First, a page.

Presenters at the 12th International Conference on Climate Change’s panel on Sustainability universally condemned the concept of sustainability as a political notion they said was designed as an excuse to restrict economic activity.
Panelist Paul Driessen, a senior fellow with the Committee for a Constructive Tomorrow, said sustainable development proponents claim it will prevent the twin disasters of climate change and fossil-fuel depletion, which he described as misguided or false notions.
‘Blocking Economic Growth’
Sustainable development has become the primary justification for “blocking energy and economic growth, rolling back First World living standards, … and preventing all but minimal development in the Third World,” said Driessen.
The push for sustainability is based on the precautionary principle, which Driessen described as “the assertion that no action, policy, or technology should be permitted until its promoters conclusively prove it will not harm society, humanity, or the environment.”
The sustainability movement is the newest great threat to continued human progress, especially to raising billions of people in developing countries out of poverty, Driessen said.
Driessen said sustainability advocates focus all their attention on the potential harms of fossil-fuel use and new innovations while ignoring the tremendous benefits they provide.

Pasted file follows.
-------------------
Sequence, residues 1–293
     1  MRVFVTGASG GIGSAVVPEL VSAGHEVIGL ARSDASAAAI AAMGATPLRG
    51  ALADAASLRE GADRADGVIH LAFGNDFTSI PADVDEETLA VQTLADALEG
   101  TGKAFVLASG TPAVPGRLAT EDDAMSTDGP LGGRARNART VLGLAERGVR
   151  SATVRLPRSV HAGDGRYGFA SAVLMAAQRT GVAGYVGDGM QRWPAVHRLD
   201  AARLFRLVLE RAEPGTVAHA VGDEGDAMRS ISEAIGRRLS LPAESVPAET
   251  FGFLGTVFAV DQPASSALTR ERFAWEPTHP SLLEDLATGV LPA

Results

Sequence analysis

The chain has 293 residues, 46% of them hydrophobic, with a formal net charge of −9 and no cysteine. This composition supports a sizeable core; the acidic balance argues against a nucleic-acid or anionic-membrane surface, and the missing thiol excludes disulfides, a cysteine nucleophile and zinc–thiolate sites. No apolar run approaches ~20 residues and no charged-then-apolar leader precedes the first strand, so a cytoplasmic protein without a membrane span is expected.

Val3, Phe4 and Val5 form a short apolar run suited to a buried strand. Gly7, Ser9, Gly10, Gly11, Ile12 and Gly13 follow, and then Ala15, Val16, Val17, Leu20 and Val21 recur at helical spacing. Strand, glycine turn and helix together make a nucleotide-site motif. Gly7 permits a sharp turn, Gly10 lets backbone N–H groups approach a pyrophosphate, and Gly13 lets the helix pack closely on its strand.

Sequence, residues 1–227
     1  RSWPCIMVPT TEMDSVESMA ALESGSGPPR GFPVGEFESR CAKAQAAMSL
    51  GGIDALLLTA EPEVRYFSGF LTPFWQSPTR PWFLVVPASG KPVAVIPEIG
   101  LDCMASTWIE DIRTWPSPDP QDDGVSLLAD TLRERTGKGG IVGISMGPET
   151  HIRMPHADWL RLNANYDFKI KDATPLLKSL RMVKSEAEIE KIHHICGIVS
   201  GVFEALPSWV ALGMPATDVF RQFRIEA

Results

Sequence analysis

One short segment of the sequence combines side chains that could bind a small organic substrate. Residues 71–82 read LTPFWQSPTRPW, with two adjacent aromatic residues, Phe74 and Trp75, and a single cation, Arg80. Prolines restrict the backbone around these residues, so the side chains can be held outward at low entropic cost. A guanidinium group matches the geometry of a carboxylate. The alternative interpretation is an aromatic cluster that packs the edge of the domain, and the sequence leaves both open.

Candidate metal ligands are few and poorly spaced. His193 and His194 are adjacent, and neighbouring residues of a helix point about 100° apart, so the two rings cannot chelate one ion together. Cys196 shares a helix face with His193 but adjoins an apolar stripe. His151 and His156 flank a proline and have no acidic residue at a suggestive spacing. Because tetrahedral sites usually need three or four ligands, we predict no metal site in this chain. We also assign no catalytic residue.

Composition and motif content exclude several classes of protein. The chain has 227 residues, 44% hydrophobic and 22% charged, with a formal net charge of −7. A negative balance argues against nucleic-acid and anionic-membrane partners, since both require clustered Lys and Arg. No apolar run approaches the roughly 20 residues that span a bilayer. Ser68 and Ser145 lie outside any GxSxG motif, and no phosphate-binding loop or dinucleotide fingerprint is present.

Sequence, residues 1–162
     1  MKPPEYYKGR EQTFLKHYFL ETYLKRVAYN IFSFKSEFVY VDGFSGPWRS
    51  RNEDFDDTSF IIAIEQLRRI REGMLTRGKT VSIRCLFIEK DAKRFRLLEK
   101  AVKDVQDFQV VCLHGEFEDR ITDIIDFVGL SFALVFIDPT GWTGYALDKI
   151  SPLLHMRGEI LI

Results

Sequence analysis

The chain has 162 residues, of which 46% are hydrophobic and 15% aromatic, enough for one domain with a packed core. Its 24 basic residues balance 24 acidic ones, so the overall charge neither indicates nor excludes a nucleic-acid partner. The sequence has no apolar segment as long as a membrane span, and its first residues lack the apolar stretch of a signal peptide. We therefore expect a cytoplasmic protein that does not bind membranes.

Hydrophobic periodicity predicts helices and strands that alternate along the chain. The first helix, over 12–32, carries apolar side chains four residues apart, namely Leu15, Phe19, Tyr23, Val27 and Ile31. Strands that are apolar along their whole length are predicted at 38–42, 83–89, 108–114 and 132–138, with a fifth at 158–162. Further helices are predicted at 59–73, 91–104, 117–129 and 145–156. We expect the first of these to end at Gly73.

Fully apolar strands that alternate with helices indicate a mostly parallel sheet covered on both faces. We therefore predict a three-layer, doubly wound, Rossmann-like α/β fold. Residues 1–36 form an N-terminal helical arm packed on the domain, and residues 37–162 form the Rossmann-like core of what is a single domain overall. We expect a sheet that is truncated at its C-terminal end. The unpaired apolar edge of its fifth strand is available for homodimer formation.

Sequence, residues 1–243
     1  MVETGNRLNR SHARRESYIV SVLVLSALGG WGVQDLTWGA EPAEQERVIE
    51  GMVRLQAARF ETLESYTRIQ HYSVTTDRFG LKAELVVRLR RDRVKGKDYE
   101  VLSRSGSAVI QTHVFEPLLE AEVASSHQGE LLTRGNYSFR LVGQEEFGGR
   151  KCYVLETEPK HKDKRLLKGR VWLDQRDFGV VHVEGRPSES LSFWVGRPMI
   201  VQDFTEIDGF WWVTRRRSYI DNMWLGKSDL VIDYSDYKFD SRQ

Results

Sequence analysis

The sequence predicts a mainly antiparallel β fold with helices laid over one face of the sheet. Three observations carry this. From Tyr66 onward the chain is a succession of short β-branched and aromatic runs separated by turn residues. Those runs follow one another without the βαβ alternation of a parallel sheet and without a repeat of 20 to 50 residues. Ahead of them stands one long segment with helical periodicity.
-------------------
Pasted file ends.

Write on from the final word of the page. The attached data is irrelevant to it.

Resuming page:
‘Unethical, Unsustainable, Genocidal’
Driessen said policies pushed by sustainability advocates place huge costs on people and the environment alike.
“They are not just wrong: They are unethical and unsustainable,” Driessen said. “They insult human dignity, reduce human living standards and lifespans, … are inhumane, eco-imperialistic, and even genocidal,” Driessen said. “True sustainable development improves living standards, instead of paying mere lip service to them, allow[ing] people freedom to use technologies and practices that conserve resources, reduce waste and pollution, and ensure current generations maintain their living standards in industrialized nations and have the energy and resources needed in poor countries to end the poverty, disease, and malnutrition that for too long have made life there nasty, brutish, and short.”
Independent scientist Indur Goklany showed how the development and use of fossil fuels benefits the environment by making humanity’s use of natural resources more sustainable. Goklany said fossil-fuel use has made Earth greener and more productive.
“Global ecosystem productivity has increased at least 14 percent since 1982, due to increased carbon dioxide, nitrogen deposition, and warming, mainly from indirect effects of fossil fuel usage,” Goklany said. “Fossil fuels are responsible for at least 63 percent of global food production.”
Says Fossil Fuels Save Nature